Things are going from bad to worse in Turkey. Why – and where will it end?
Don’t even think about reporting this: police in Turkey.
By arresting foreign reporters in its turbulent south-east, Turkey sent yet another signal that inconvenient journalists are not welcome.
Al Jazeera journalist Mohamed Fahmy is jailed for three years in Egypt.
The news that two British journalists and their unnamed Iraqi colleague were arrested and charged by the Turkish authorities [though released following publication of this article] for “engaging in terror…
Up in arms.
Turkey's political factions, hardly friends at the best of times, are more divided and mutually suspicious than ever.
It’s not looking good.
Unrest has spread to Istanbul where the US consulate has been attacked.
The use of Incirlik airbase by Turkish warplanes launching attacks across the border and its re-opening to the US Airforce reflect the domestic and international goals of Turkey’s campaign.
What prompted Turkey's punishing campaign against both Islamic State and Kurdish forces in Iraq and Syria? The explanation for this sharp reversal of policy may lie in calculations for fresh elections.
An anti-government protest underway in Istanbul.
EPA/Ulas Yunus Tosun
Whatever the pretext, Turkey's latest push against the Kurds will do nobody any favours.
A victim, with a flag of the Federation of Socialist Youth Associations covering him, lies on the ground following an explosion in Turkey on July 20 2015.
A suicide bombing in Turkey last week has pulled Ankara closer to the US in the fight against ISIS. It has also raised concerns about Kurds who are also being targeted by Turkish bombing raids.
Turkish troops patrol the Syrian border as airstrikes begin.
After months of pressure, the coalition against IS has a new team member. But what are its real motives?
Mourners at a funeral for the bombing victims.
The government is already under fire for failing to protect Kurds from Islamic State.
The rise of the HDP has brought new hope for a peaceful solution in Turkey.
The rise of the pro-Kurdish HDP has brought fresh hope to those seeking a peaceful resolution to a decades-long dispute.
The new political kids on the block celebrate.
The June 7 elections were no doubt one of the most critical in modern Turkish history.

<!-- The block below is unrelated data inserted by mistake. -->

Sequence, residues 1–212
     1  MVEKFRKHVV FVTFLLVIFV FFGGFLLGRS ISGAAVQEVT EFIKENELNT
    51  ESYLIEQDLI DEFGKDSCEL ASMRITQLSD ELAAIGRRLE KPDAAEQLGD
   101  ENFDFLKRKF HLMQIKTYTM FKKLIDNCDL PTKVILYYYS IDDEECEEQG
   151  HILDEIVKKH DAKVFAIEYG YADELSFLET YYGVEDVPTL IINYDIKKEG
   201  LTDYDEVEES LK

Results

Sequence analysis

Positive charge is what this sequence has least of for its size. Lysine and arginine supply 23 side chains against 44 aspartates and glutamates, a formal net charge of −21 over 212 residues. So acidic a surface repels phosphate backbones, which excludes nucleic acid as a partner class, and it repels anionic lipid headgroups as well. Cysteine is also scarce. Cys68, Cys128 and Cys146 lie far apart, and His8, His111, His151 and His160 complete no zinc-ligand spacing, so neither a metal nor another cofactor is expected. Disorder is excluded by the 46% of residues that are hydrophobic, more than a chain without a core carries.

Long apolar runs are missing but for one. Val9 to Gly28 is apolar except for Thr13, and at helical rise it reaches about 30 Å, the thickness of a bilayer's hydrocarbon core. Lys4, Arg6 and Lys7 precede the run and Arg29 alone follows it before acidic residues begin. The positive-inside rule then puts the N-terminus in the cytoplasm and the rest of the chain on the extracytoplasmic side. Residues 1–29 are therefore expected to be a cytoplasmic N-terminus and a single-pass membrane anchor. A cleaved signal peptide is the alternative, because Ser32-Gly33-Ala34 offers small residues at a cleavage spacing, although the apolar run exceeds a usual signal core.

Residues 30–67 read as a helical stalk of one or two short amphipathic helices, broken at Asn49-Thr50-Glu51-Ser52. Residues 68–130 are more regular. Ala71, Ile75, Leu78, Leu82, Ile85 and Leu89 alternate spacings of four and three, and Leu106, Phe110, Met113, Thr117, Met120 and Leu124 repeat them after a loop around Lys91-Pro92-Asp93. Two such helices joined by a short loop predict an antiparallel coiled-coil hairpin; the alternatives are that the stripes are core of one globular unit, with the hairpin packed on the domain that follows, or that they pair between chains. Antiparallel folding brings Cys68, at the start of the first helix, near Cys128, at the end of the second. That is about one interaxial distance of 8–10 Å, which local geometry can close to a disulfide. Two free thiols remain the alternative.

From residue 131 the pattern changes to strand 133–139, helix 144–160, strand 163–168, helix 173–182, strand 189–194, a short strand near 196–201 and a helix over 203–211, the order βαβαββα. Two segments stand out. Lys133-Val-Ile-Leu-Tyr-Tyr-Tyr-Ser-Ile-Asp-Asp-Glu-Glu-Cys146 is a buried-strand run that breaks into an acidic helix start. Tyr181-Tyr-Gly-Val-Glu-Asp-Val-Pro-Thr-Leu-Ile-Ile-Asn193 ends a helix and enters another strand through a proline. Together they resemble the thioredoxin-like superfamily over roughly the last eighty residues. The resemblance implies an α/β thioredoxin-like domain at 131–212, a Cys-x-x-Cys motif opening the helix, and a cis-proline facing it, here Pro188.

Flying the flag for the HDP.
Ruling AKP gets a hammering at the polls as pro-Kurdish HDP enters parliament for first time.
HDP supporters gear up for the vote.
EPA/Ulas Yunus Tosun
With plans to shake up democracy, it's no wonder the HDP is being compared to Syriza and Podemos.
Face of change?
Can the left-wing HDP cross Turkey's electoral threshold to transform the nation's parliament?
Turkey’s big day.
Want to know who's who and what's what? Look no further.
Visitors mourn at the Armenian Genocide Memorial in Yerevan, Armenia.
On the 100th anniversary of the Armenian genocide, we asked scholars to reflect on the significance of Armenian insistence on remembering and Turkey's insistence that the genocide never happened.
Tsitsernakaberd Genocide memorial in Yerevan, Armenia.
A century on, the murder of 1.5m Armenians by the Ottoman Empire must be recognised as genocide.
Had hundreds of thousands of young Turkish men not joined the army and headed to Gallipoli, it’s without doubt modern Turkey would not have been formed.
What is rare in Australia is an adequate explanation and understanding of the Turkish perspective of the Gallipoli campaign.
The Anzac landings at Gallipoli in April 1915 marked the beginning of another instance of conflict in the war-rich region’s history.
The history of the Gallipoli region enhances the story of the Anzac campaign and situates it in a notably rich cultural context.